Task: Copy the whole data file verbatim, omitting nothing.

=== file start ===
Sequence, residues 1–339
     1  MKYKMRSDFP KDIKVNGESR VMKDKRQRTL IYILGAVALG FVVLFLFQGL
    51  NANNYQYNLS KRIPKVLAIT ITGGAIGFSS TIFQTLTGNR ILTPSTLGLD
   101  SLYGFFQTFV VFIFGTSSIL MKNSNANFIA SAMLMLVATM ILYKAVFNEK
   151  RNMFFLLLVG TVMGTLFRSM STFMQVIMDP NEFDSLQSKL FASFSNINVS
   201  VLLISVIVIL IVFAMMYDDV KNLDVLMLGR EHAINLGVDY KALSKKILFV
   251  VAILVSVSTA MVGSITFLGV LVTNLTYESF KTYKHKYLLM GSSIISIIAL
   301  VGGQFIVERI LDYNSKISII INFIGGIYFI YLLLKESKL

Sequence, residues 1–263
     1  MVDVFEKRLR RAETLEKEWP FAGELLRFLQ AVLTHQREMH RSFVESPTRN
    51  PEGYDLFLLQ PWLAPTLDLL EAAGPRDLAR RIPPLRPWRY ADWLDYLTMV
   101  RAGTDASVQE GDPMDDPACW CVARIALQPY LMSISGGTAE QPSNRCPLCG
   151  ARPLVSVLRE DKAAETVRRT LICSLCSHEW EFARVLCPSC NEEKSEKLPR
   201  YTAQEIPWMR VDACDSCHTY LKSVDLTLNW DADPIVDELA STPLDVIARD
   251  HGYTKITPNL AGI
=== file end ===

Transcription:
Sequence, residues 1–339
     1  MKYKMRSDFP KDIKVNGESR VMKDKRQRTL IYILGAVALG FVVLFLFQGL
    51  NANNYQYNLS KRIPKVLAIT ITGGAIGFSS TIFQTLTGNR ILTPSTLGLD
   101  SLYGFFQTFV VFIFGTSSIL MKNSNANFIA SAMLMLVATM ILYKAVFNEK
   151  RNMFFLLLVG TVMGTLFRSM STFMQVIMDP NEFDSLQSKL FASFSNINVS
   201  VLLISVIVIL IVFAMMYDDV KNLDVLMLGR EHAINLGVDY KALSKKILFV
   251  VAILVSVSTA MVGSITFLGV LVTNLTYESF KTYKHKYLLM GSSIISIIAL
   301  VGGQFIVERI LDYNSKISII INFIGGIYFI YLLLKESKL

Sequence, residues 1–263
     1  MVDVFEKRLR RAETLEKEWP FAGELLRFLQ AVLTHQREMH RSFVESPTRN
    51  PEGYDLFLLQ PWLAPTLDLL EAAGPRDLAR RIPPLRPWRY ADWLDYLTMV
   101  RAGTDASVQE GDPMDDPACW CVARIALQPY LMSISGGTAE QPSNRCPLCG
   151  ARPLVSVLRE DKAAETVRRT LICSLCSHEW EFARVLCPSC NEEKSEKLPR
   201  YTAQEIPWMR VDACDSCHTY LKSVDLTLNW DADPIVDELA STPLDVIARD
   251  HGYTKITPNL AGI